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The Nature of the Beast

Further evidence of the validity of the point that I made in my most-recent Pittsburgh Tribune-Review column is supplied in today’s Wall Street Journal by Peggy Noonan (gated):

Most interestingly – and this is what political scientists call “the part that makes you want to shoot yourself” – Quinnipiac reports a majority of voters do not feel Mrs. Clinton is “honest and trustworthy.” They made that judgment by a margin of 52% to 39%. That means a good portion of those who support Mrs Clinton do not believe she can be trusted to tell them the truth. The nice way to think of that is: “Americans sure are over the heroic conception of the presidency!” Another nice way: “Americans shrewdly pick presidents based not on personal virtues but on other qualities, such as experience and ideological predisposition.”

A less nice way is: “Wow, you’d vote for someone even you don’t believe? You might want to trust a president when the nukes begin to fall. What’s wrong with you?”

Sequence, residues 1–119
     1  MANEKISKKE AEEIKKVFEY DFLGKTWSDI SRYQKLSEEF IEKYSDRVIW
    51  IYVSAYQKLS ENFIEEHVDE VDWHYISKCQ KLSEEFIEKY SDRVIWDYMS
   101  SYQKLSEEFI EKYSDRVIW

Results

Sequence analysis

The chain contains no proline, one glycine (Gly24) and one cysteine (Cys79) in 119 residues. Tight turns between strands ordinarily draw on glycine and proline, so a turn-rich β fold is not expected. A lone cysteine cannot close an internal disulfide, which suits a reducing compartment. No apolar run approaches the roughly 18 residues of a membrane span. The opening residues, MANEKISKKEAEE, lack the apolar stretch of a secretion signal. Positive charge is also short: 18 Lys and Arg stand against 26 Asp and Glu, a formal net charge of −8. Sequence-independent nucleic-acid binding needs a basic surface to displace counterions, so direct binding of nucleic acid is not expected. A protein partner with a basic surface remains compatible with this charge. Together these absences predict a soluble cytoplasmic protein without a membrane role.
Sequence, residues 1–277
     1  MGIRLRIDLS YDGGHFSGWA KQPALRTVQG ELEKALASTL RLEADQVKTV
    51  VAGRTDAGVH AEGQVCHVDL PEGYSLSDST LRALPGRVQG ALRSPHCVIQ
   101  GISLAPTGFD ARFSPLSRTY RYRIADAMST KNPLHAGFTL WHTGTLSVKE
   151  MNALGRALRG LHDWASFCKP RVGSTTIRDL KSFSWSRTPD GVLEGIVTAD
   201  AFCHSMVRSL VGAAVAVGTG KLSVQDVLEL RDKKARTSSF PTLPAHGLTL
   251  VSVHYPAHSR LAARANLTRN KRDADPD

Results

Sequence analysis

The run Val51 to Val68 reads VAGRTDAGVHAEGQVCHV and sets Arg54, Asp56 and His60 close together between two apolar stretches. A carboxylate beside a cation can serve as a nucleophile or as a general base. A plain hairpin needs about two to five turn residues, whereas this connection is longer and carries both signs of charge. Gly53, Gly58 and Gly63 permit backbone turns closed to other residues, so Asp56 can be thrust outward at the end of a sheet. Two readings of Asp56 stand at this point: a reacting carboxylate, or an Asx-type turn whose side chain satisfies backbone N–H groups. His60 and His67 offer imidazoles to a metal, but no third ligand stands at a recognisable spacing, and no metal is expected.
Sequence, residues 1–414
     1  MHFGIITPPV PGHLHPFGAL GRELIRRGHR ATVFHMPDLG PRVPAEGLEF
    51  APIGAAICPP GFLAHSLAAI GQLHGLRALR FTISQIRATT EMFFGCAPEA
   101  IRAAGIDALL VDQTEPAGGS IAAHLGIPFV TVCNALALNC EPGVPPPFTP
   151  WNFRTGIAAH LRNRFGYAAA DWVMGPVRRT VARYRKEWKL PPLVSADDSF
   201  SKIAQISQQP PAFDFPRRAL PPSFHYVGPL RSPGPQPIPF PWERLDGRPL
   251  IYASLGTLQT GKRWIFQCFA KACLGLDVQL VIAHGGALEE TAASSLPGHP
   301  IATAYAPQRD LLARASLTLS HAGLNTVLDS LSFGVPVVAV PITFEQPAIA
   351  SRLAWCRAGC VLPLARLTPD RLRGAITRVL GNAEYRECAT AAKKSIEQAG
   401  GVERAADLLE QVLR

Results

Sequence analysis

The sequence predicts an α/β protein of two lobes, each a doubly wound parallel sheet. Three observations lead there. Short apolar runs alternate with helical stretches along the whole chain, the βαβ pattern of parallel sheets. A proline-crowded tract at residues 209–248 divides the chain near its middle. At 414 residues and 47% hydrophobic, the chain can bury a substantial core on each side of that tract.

Astonishingly, the incessant dodging, dissembling, duplicity, deceit, deceptiveness, and dishonesty are so widely understood to be inseparable from politics that sophisticated pundits and professors treat with contempt any and all suggestions that the prevalence of such dishonorable qualities among politicians is a good reason to dial down government’s powers.  The theory seems to be that if an eight-year-old child can easily spot and be repulsed by these unattractive features of politics, then these features are far too mundane and obvious to serve as a basis upon which serious arguments for reducing the power of governments can be built.